• While 86 EIGHTY-SIX does aim to present a more serious story, two aspects of the anime did diminish the atmospherics. The first of these was a whimsical piece of incidental music making use of a woodwind, and the second is the fact that Vladilena herself seems to glow in bliss whenever she has food made from real ingredients. I understand that this is placed to indicate that Vladilena has access to the full spectrum of emotions, although I would also suppose that it’s to demonstrate that despite her station and the associated responsibilities, she’s still young.

  • Against a foe like the Legion, the most effective weapon would’ve probably been electromagnetic pulses to scramble their electronics, followed by use of cluster munitions. If we’re allowed more exotic weapons, then plasma rounds as seen in Halo, or Star Wars‘ ion cannons would also feel like feasible choices. Instead, San Magnolia is left to field inferior, manned spider-tanks against the Legion, speaking volumes about their nations’ inadequacies. The general attitude surrounding the armed forces seems to be “better us than them”, and it appears that as long as the Alba leadership can live comfortably, they don’t really concern themselves with even developing better weapons.

  • The Colorata thus could’ve become a stopgap measure, but instead, a combination of discrimination, complacency and hubris stops them from researching more effective weapons. Granted, had this been the case, 86 EIGHTY-SIX wouldn’t allow Vladilena and Shinei to speak with one another, which is doubtlessly the disruption to the status quo that allows the story to happen. I’ve long joked that if common sense prevails too early, there is no story; in 86 EIGHTY-SIX‘s case, I’ll forgive the lack of drive to develop better tools against the Legion mainly because giving the protagonists powerful weapons diminish the impact of death.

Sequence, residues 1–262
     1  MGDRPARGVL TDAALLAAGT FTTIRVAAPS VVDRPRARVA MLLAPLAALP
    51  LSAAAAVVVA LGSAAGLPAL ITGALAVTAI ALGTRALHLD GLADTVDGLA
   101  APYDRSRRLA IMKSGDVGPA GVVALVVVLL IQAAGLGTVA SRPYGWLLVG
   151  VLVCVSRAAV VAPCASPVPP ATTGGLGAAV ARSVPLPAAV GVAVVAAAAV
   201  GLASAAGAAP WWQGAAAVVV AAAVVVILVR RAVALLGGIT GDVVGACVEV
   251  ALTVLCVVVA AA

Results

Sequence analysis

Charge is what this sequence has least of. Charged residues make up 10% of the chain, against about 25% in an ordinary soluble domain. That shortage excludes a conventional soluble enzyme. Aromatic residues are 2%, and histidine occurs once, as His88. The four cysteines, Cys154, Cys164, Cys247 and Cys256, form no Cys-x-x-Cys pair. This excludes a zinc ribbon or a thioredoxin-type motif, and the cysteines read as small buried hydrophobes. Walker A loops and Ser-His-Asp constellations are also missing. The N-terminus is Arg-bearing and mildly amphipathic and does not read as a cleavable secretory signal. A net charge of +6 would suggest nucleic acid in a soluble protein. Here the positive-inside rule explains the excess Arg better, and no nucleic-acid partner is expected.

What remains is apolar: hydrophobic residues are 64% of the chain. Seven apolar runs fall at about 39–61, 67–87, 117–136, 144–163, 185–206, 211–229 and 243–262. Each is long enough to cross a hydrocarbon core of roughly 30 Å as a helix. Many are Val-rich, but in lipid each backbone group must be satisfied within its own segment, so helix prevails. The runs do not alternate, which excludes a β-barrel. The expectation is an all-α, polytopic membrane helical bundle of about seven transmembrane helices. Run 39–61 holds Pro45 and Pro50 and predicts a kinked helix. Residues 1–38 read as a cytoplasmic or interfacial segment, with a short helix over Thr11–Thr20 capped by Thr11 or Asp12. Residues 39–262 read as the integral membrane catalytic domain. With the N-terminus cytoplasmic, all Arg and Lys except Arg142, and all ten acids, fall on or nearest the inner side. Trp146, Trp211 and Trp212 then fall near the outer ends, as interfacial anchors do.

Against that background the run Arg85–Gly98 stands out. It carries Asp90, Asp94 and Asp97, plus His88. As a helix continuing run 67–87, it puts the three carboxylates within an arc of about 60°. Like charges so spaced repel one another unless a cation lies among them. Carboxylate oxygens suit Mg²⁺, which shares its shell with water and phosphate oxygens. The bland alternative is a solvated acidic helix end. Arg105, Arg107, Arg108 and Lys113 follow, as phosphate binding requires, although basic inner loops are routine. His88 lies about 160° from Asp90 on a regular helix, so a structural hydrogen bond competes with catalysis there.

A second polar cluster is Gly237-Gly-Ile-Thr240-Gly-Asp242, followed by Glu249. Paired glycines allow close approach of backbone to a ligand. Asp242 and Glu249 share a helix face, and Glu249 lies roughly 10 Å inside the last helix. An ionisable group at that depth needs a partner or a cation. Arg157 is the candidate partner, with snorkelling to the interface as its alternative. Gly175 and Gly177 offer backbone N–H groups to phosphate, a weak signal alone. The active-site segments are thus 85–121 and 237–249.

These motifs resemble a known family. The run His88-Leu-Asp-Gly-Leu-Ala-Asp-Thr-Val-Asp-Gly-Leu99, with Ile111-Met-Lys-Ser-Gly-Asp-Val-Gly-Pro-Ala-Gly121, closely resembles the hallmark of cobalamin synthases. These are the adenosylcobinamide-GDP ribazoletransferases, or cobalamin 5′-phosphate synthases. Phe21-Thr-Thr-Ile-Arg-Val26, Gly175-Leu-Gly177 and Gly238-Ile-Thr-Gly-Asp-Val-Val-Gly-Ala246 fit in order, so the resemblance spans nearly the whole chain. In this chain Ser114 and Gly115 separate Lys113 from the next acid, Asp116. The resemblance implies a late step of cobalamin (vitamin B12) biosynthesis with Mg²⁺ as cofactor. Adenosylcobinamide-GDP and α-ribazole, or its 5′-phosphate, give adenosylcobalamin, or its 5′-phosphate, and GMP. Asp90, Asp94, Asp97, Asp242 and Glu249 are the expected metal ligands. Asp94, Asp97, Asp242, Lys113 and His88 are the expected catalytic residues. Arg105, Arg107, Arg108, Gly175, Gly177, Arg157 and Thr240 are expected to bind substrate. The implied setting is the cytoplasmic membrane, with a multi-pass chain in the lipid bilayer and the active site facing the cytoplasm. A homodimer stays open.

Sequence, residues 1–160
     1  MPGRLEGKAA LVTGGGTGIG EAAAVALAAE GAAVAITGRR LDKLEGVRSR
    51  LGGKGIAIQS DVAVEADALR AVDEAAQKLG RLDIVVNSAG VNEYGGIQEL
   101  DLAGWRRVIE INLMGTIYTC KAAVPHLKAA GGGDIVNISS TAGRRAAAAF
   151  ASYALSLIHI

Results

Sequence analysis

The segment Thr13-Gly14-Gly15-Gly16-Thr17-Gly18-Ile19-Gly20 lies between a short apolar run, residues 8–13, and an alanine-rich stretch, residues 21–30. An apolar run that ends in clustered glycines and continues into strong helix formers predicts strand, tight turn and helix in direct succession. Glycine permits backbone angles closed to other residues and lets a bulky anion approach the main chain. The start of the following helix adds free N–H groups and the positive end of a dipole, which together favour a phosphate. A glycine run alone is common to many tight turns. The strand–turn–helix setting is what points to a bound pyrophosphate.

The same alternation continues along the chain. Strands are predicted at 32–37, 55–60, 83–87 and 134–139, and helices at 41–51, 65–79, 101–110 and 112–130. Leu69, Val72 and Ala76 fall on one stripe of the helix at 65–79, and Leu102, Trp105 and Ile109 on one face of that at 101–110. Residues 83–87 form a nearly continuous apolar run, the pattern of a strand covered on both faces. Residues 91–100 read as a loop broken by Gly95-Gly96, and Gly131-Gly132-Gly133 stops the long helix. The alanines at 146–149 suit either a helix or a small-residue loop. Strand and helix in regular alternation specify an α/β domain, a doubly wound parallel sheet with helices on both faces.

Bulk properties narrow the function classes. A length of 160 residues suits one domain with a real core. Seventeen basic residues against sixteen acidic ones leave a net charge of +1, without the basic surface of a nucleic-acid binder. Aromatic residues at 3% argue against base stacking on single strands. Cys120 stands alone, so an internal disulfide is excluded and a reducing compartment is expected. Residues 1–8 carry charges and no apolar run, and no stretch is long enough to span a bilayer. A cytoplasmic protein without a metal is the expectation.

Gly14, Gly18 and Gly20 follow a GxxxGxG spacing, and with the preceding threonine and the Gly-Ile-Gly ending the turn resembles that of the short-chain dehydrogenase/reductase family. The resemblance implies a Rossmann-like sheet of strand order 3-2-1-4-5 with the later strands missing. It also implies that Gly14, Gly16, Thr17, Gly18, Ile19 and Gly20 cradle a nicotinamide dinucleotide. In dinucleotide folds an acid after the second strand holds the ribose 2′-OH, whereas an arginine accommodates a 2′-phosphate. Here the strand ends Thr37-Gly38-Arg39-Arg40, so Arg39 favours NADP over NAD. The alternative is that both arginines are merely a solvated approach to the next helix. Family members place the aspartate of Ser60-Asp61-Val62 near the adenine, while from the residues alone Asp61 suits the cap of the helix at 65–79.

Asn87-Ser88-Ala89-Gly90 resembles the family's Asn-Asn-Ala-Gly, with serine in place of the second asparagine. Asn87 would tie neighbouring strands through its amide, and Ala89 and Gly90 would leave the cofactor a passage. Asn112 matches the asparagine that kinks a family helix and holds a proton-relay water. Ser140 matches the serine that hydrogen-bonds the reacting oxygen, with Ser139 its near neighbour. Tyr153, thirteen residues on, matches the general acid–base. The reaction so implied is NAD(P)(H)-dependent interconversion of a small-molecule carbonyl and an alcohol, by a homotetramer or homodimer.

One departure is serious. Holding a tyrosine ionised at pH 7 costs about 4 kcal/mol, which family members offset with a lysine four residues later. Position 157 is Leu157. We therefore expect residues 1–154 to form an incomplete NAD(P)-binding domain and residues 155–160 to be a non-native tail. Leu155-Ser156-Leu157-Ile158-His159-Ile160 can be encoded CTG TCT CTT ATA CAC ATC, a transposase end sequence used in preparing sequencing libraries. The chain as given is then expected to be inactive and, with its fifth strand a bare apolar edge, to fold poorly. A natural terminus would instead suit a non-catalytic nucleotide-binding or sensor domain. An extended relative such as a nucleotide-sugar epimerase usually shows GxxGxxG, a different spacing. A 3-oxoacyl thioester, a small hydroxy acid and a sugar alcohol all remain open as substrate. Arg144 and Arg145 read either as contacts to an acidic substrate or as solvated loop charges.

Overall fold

• The sharp contrast between the world that Vladilena lives in, and Shinei’s world, is night and day. Through this, 86 EIGHTY-SIX conveys the idea that to live life fully is to accept that there is always going to be a risk, and that because of this risk, the experiences that we share become more meaningful and precious. By comparison, the sheltered, closed-off life within the walls of San Magnolia feels stilted, and here, Spearhead recalls a party they’d had as a group during the spring, under blooming cherry trees.

  • The biggest surprise early in 86 EIGHTY-SIX is the idea that the Legion’s machines possess enough sophistication to be aware of their own “death” and have determined that harvesting neural tissue from deceased humans is the best way to ensure their own survival. While this seems like malevolence in AI, one could actually devise a setup such that the Legion’s actions can be considered an emergent property: in graduate school, I took a course in biological computation and emergent computing to study how immensely complex behaviours can arise from devising agents that follow simple rules.

  • The most famous example is Craig Reybolds’ BOIDS, which demonstrate flocking behaviours rivalling those of real-world bird flocks despite each agent only possessing three rules. It is therefore conceivable that that a slightly more complex set internal data and a sufficiently sophisticated decision function would eventually lead the Legion to realise that their internal hardware can be replaced with a readily available source of computational power, one that is easier to find than returning to the manufacturing plant and asking for replacement parts. What works for the machines, however, terrifies those who fight them: residual neurological patterns mean that the dying thoughts of the person can be heard, and Vladelina loses her composure outright when she’s exposed to this phenomenon.